On August 11, 2000, Pelullo filed a motion seeking court-authorized discovery in connection with his § 2255 Petition, which at that point had been pending for thirty-two (32) months. He also requested an indefinite continuance of the hearing scheduled for August 24, 2000 so that he could search for additional surveillance material. On August 22, 2000, this Court denied Pelullo's motion for discovery and a continuance. At the August 24, 2000 hearing, counsel for Pelullo called Stephen Bertucelli to testify regarding the issue of surveillance of Scarfo's residence and produced exhibits relating to that issue. Although Pelullo was present at the hearing, he did not testify.

The Petition alleged that the Government failed to produce the following items: (a) surveillance records of Scarfo's residence; (b) an FBI Form 302 Report by Special Agent Gary Scalf ("the Scalf Report"); (c) information about Government payments to Leonetti; and (d) 37 additional pieces of evidence. Pelullo alleged that each of these items constituted Brady material. See Petition at 5-7.

On March 26, 1998, the Government filed its response to Pelullo's Petition opposing his contention that the Government had failed to produce Brady material. At the conclusion of the August 24, 2000 hearing, Pelullo withdrew his contention that the Government had failed to produce 37 additional items of alleged Brady material. (Tr. at 96). Pelullo also acknowledged that he was not pursuing the claims that the Government had failed to produce the Scalf report and the information regarding payments to Leonetti. Id. Pelullo's counsel also acknowledged that his Brady claim was limited to specific items: an FBI Form 302 Report prepared by Special Agent Richard McKeen and a surveillance report prepared by Pennsylvania State Trooper Joseph P. Moran. Pelullo also asserted that any surveillance records revealed by these reports, which had not been produced, would also constitute Brady evidence.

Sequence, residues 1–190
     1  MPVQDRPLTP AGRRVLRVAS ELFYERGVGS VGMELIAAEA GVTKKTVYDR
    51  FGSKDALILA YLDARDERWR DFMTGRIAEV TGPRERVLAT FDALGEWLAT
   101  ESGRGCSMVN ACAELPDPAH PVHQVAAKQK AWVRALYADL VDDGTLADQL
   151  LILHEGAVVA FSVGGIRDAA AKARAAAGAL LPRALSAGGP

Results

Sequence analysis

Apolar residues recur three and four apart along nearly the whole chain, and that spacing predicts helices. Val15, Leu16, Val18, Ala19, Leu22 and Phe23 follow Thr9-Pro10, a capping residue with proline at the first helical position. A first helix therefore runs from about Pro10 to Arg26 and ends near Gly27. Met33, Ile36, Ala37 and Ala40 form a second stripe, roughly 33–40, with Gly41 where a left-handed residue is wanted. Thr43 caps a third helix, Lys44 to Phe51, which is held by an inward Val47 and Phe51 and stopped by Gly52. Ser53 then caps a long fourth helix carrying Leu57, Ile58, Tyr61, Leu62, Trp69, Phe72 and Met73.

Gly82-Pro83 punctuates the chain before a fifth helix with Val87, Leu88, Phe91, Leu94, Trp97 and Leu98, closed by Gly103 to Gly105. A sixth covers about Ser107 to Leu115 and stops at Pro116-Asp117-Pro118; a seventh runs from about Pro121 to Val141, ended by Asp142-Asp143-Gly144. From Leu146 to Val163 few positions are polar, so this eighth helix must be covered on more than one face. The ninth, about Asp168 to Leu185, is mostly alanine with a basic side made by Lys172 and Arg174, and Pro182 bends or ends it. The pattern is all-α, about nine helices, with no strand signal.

PELULLO HAS FAILED TO ESTABLISH THAT HE DID NOT POSSESS THE McKEEN AND MORAN REPORTS PRIOR TO OR DURING THE 1995 TRIAL.

At the evidentiary hearing, Pelullo failed to offer any evidence as to when he received those reports. At that hearing, the Court asked the following question:

THE COURT: When did you get Moran's report? Do you know the date?

MR. WERBEL: I do not have the date, Your Honor. My understanding is that it was at some point this year, earlier this year we received Agent Moran's report from another attorney that had been given it from the U.S. Attorney in their case.

THE COURT: Okay. And the other, McKeen?

MR. WERBEL: The McKeen report was part of our original Section 2255 that was filed, and we've had that, and that was also Your Honor from another attorney that received it from a different U.S. Attorney in a different matter.

The only other references to this issue were the following:

Pelullo's counsel represented at the hearing that the Moran report was received on January 28, 2000, from a defense attorney in another matter. (Tr. at 81-82);

Pelullo's counsel represented in his Proposed Findings of Fact that Pelullo received the Moran report from another defense attorney in January of 2000;

Pelullo's counsel represented in his Proposed Findings of Fact that Pelullo received the McKeen report from Robert Simone but does not state when he received it.